In some countries, surnames weren’t established until the 17th century or later. In England, under king Henry VIII, children from marriages were to bear the surname of the father, and women had long changed their last name to that of their husband upon marriage.

Family names for nobility had long been established to indicate which place was attached to their house (territorial name). In France, this was the custom as well, using ‘de’ to indicate which land the family owned.

In French-speaking Canada and in France during the 1600s and later, the church began to require the recording of all the parish highlights: baptisms, marriages, and burials. Legal documents were kept in town registries by royal notaries: court cases, law suits, sales of property, and so forth. Married women were recorded in parish or legal documents using their maiden surnames, along with the full name of their husband, even if widowed. Marriages and baptisms included the names of their parents and often where they were from. All of this record-taking makes it much easier today to know who the parents of both our male and female ancestors were.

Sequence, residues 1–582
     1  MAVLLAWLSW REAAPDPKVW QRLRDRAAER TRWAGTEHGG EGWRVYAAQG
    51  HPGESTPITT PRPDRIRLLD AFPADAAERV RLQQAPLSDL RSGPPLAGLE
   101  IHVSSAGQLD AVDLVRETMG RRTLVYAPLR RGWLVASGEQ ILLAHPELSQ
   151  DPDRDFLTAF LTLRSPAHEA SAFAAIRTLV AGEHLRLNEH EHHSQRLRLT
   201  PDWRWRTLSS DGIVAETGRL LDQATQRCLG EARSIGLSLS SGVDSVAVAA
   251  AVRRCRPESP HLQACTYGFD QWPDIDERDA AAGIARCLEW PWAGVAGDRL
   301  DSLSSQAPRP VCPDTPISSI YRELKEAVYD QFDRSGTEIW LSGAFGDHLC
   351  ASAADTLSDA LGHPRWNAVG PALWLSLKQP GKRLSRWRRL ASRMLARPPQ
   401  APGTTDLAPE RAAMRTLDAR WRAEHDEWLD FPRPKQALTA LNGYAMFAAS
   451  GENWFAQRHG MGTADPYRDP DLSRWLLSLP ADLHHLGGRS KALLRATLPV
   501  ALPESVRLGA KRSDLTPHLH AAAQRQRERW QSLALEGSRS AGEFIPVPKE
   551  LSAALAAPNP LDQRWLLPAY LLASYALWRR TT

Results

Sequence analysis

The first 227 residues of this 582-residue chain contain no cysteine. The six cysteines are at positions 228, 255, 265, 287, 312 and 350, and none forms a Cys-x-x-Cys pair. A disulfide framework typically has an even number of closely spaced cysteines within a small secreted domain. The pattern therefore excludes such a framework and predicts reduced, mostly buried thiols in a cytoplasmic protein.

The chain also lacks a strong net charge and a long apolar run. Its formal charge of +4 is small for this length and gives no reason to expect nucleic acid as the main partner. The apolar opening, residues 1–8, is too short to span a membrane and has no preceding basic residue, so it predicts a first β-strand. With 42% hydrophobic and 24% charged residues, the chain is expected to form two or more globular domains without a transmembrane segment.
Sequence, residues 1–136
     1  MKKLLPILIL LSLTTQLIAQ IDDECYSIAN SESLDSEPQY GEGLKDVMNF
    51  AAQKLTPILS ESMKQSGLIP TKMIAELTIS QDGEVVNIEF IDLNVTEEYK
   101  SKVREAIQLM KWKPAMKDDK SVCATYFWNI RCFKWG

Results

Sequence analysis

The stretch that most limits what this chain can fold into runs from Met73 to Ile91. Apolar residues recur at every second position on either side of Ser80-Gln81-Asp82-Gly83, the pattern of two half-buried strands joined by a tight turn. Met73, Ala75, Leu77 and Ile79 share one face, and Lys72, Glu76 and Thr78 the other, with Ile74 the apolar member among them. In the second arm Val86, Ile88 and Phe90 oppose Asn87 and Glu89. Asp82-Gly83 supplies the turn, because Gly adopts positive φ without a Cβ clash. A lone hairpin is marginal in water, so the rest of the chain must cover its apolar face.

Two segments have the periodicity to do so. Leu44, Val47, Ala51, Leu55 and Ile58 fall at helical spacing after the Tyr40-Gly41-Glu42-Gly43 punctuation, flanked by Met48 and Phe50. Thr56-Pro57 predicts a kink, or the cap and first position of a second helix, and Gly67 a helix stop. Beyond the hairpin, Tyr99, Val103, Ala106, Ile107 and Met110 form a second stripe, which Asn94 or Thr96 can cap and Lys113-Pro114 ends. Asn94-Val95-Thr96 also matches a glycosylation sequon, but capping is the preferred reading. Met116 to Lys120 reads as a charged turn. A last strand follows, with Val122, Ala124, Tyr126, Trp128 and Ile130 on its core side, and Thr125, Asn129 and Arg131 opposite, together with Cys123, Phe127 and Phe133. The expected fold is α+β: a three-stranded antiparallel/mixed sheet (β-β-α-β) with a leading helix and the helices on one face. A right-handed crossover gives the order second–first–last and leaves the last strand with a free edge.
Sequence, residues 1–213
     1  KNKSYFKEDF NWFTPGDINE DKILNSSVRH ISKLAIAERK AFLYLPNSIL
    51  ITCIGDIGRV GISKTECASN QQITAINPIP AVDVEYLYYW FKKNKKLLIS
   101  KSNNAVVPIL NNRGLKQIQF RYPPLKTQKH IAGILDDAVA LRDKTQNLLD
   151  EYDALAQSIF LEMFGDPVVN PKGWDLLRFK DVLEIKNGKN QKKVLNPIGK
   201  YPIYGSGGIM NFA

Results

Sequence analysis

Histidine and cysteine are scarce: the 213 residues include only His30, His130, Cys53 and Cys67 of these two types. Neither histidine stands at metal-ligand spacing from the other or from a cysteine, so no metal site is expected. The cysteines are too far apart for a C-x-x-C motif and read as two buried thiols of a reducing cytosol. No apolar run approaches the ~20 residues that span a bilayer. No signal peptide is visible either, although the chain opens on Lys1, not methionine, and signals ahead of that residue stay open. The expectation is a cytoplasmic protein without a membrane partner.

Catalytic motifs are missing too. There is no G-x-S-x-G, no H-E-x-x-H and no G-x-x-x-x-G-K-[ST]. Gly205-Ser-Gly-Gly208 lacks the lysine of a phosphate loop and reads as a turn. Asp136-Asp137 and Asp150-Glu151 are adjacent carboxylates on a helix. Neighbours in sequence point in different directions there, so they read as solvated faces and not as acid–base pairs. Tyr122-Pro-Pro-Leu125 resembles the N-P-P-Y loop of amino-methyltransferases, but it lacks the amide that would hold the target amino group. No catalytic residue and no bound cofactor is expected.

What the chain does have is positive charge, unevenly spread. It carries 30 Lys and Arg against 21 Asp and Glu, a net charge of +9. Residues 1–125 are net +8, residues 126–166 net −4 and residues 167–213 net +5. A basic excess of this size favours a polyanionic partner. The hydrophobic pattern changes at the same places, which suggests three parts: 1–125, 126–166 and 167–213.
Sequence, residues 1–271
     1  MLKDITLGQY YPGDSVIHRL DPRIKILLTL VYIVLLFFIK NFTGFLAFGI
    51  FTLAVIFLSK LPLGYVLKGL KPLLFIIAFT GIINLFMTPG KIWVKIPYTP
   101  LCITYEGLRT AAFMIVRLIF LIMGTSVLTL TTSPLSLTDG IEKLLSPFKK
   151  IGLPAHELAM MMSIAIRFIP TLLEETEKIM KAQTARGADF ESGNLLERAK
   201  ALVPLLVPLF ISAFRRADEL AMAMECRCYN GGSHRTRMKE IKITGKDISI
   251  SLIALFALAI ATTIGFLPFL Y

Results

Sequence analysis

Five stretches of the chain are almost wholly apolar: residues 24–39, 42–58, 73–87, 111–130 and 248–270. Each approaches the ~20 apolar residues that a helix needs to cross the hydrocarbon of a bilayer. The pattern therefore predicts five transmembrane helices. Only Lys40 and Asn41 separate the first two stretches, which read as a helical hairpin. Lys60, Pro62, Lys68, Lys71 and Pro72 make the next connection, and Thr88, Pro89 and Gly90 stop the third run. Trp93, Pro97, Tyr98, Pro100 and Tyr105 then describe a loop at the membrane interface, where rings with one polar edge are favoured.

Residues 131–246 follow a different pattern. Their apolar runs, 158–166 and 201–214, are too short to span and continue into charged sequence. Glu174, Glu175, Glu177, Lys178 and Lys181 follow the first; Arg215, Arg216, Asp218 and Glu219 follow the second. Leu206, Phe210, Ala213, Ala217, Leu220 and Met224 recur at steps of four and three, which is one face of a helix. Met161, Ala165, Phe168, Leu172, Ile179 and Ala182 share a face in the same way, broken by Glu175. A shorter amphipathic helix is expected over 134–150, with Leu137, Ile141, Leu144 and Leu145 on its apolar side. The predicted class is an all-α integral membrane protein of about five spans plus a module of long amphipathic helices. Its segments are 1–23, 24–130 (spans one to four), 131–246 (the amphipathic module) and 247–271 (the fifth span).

There was a time when a given name (first name) sufficed to identify people, but when the Middle Ages arrived, a mix of population and demographic growth made it imperative to choose a surname (last name).

At the end of the fourteenth century, France already had between ten to twenty million inhabitants. Surnames, which were to be inherited family names, had diverse origins: geographic features such as mountains (La Montagne) and rivers (La Rivière), and places (De Berry), professions or trades (Marchand, Prévost, Mercier) and personality or physical features (Le Sage, Le Tendre LeBlond).

One must realize that when last names began to be established to connote family groups, not everyone had the privilege of a formal education and so could not read or write. There were also no standard rules of grammar for the French language. When someone who was illiterate needed to add their name to a document, they would provide it phonetically and then it was up to the notary or cleric to spell it the way they believed it should be spelled.

It is therefore not unusual that the spelling for a name might change over time. For example, we see the last name Roy spelled multiple ways in multiple documents: Le Roy, le Roy, Leroy, Le Roi, and so forth. Today the name is mainly without the article: simply ‘Roy.’

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